Microsoft Steps In To Clean Up Lenovo's Superfish Mess -- While Lenovo Stumbles And Superfish Remains Silent

from the the-cleaner dept

As we've been noting, both Lenovo and Superfish have been bungling their way through the response to the fact that they introduced a massive security hole in the way that Superfish's adware/malware dealt with HTTPS protected sites (by using a self-signed root certificate that was incredibly easily hacked, allowing basically anyone to create a simple man in the middle attack). Lenovo has been going through the motions, first insisting there was no security concern, then arguing that the concerns were theoretical and then quietly deleting its statement about the lack of security problems with Superfish. It also posted some instructions on removing both the software and the root certificate, and promised to have an automated system soon.

Superfish, on the other hand, has remained almost entirely silent. It gave some reporters bland statements insisting that there was no security risk, that it "stood by" Lenovo's statement, and insisted that Lenovo would come out with a statement that showed Superfish was not responsible for any of this mess. It also insisted that the company was fully "transparent" in how its software worked, but that's clearly not the case, because nowhere do they say "we create a massive man in the middle attack just so we can insert advertising images into your HTTPS surfing." At the time of writing this, Superfish appears to have nothing on its website about all of this. Its Twitter feed's last post, from yesterday mid-day simply says that Lenovo "will be releasing detailed information at 5 p.m. EST today."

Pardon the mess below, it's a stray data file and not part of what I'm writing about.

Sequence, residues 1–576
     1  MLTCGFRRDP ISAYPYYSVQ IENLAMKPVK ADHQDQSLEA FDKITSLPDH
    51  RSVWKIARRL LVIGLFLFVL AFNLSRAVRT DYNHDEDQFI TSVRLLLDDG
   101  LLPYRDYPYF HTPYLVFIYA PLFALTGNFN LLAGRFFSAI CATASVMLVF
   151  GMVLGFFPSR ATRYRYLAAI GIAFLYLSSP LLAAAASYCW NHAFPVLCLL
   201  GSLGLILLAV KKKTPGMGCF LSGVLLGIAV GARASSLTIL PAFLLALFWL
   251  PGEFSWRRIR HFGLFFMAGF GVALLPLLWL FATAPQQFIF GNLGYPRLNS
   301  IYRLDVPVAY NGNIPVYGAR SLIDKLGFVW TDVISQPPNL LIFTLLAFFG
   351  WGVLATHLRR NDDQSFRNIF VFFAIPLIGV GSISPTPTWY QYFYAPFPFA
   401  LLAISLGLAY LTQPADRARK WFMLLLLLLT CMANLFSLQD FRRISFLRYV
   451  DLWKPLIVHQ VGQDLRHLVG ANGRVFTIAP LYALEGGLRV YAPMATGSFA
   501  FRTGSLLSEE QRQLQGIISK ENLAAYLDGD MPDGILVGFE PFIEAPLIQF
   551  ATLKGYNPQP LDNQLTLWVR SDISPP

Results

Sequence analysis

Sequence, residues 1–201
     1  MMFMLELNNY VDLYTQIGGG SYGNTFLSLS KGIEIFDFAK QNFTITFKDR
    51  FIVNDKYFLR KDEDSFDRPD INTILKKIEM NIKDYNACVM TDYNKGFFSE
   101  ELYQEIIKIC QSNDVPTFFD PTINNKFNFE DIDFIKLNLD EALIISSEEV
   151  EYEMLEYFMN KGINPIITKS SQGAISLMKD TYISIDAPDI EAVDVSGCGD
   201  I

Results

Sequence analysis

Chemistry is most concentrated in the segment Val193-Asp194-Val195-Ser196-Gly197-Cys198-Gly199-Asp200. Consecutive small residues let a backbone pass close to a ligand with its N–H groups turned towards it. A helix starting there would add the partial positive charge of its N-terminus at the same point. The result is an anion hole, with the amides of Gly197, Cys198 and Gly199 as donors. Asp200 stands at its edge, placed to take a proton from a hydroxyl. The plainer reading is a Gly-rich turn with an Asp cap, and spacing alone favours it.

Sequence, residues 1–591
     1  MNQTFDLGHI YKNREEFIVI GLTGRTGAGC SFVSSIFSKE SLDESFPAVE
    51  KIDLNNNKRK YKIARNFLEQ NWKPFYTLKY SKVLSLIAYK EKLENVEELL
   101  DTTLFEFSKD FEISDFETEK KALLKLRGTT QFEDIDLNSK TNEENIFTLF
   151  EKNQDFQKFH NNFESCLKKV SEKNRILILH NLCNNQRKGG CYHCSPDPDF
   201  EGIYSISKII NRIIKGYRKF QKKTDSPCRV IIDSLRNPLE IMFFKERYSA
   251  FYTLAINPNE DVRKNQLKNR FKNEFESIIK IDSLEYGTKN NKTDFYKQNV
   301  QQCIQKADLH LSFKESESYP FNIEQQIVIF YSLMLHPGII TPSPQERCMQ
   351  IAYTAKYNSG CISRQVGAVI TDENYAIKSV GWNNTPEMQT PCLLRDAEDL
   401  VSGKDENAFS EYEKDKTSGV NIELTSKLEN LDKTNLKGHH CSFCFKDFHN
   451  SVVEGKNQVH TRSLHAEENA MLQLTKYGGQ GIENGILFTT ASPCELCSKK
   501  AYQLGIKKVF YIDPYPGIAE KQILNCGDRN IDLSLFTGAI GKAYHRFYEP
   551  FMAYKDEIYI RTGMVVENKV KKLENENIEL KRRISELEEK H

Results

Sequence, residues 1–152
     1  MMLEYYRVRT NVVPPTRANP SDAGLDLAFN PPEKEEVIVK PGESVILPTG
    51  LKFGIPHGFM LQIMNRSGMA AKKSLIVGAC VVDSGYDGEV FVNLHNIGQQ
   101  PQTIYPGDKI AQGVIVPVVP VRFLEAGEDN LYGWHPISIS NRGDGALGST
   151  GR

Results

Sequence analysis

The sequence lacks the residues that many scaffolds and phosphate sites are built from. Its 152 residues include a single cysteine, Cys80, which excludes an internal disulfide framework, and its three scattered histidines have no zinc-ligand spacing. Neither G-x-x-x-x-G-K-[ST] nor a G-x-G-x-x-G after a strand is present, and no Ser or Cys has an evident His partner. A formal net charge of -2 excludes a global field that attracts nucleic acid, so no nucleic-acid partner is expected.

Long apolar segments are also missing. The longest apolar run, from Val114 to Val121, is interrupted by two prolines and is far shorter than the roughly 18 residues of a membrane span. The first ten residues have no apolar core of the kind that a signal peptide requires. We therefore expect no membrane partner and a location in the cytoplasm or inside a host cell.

Except, it did not. That's about when it modified its original "nothing to see here" statement, with instructions on how to remove Superfish. It did not, as Superfish had previously told journalists, include a statement "with all of the specifics that clarify that there has been no wrongdoing on our end." In fact, it still looks very much like there was tremendous wrongdoing on the part of Superfish in the way it decided to implement its technologies. And that's not even getting into Superfish's sketchy history.

In the end, while Lenovo and Superfish are flailing around, it was left to Microsoft to come in and clean up the mess, pushing out a Superfish Fix to its Windows Defender product:
Microsoft just took a major step towards rooting out the Superfish bug, which exposed Lenovo users to man-in-the-middle attacks. Researchers are reporting that Windows Defender, Microsoft's onboard anti-virus software, is now actively removing the Superfish software that came pre-installed on many Lenovo computers. Additionally, Windows Defender will reset any SSL certificates that were circumvented by Superfish, restoring the system to proper working order. It's a crucial fix, as many security professionals had been struggling to find a reliable method for consistently and completely undoing the harmful effects of the bug. To make sure the fix takes effect, any Superfish-affected Windows users should update their version of Windows Defender within the program and scan as soon as possible.
Perhaps it's not surprising that Superfish is struggling to figure out how to deal with this sudden attention as a smaller company, but Lenovo should have been on top of this issue much, much faster.

Filed Under: adware, malware, superfish, windows defenders
Companies: komodia, lenovo, microsoft, superfish

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  1. identicon
    Anonymous Coward, 20 Feb 2015 @ 12:28pm

    This is why certificate pinning matters folks. Deploy that shit.

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